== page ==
[Thomas Jefferson] was undoubtedly complicated. He mingled the loftiest visions with astute backroom politicking. He spared himself nothing and was a compulsive shopper, yet he extolled the simple yeoman farmer who was free from the lures of the marketplace. He hated obsessive money-making, the proliferating banks, and the liberal capitalistic world that emerged in the Northern states in the early nineteenth century, but no one in American did more to bring that about. Although he kept the most tidy and meticulous accounts of his daily transactions, he never added up his profits and losses. He thought public debts were the curse of a healthy state, yet his private debts kept mounting as he borrowed and borrowed again to meet his rising expenditures. He was a sophisticated man of the world who loved no place better than his remote mountaintop home in Virginia. This slaveholding aristocrat ended up becoming the most important apostle for liberty and democracy in American history.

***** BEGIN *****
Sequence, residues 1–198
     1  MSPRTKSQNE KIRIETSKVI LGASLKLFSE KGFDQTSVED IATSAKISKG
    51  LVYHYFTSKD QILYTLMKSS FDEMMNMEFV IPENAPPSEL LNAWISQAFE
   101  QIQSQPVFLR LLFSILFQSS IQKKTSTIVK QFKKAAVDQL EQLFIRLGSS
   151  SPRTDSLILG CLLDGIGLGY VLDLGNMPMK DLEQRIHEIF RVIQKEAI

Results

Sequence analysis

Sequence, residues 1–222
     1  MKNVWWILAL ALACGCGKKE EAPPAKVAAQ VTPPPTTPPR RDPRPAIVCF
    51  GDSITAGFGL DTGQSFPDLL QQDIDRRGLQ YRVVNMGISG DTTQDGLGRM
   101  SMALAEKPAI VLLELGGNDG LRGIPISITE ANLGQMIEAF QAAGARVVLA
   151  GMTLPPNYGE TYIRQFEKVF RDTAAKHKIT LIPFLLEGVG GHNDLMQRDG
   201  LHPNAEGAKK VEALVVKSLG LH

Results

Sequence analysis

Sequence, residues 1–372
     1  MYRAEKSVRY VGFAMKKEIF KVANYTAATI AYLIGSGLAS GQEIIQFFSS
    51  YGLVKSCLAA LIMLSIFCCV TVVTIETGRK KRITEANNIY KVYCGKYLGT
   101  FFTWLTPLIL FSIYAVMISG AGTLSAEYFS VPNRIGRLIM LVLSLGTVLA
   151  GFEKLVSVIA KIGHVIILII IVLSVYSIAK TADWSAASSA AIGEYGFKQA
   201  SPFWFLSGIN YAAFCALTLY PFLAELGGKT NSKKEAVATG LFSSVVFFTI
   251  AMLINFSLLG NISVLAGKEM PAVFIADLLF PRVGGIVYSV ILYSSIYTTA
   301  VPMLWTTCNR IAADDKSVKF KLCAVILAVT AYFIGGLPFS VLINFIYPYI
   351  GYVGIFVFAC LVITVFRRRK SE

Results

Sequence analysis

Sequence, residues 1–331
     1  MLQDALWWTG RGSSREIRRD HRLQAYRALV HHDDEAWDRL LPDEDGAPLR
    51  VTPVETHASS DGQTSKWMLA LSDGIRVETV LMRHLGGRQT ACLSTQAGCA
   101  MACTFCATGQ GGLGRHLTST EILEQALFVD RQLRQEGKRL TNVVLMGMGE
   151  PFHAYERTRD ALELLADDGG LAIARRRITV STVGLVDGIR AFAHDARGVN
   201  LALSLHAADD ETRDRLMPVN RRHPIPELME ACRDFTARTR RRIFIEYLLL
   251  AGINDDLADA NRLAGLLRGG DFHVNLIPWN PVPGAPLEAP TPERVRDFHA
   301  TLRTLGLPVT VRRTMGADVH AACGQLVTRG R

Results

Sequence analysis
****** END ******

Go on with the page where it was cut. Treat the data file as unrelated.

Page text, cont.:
John Trumbull (1756—1843)
Oil on wood; 9.8 x 7.6 cm (3 7/8 x 3 in). Yale University Art Gallery, New Haven, CT.
Oil on canvas. 76.83 x 61.28 cm • 30 1/4 x 24 1/8 in. Boston Museum of Fine Arts, Boston, MA.
Oil on canvas; 96.5 x 121.9 cm (38 x 48 in). Yale University Art Gallery, New Haven, CT.
Oil on wood; 14 x 11.1 cm (5 1/2 x 4 3/8 in.) Yale University Art Gallery, New Haven, CT.
Oil on canvas; 9 3/4 x 50in. (101 x 127cm). Connecticut Historical Society, Hartford, CT.
Oil on canvas; 30 x 25 in. (76.2 x 63.5 cm). Pilgrim Hall Museum, Plymouth, MA.
Oil on canvas; 36 x 28 in. (91.4 x 71.1 cm). The Metropolitan Museum of Art, New York, NY.
Oil on canvas. City Hall Portrait Collection, New York, NY.
Oil on canvas; 30.125 in. x 20.125 in. (76.517 cm. x 51.117 cm.). Winterthur Museum, Wintherthur, DE.
Oil on canvas; 235 x 160 cm (92 1/2 x 63 in.) Yale University Art Gallery, New Haven, CT.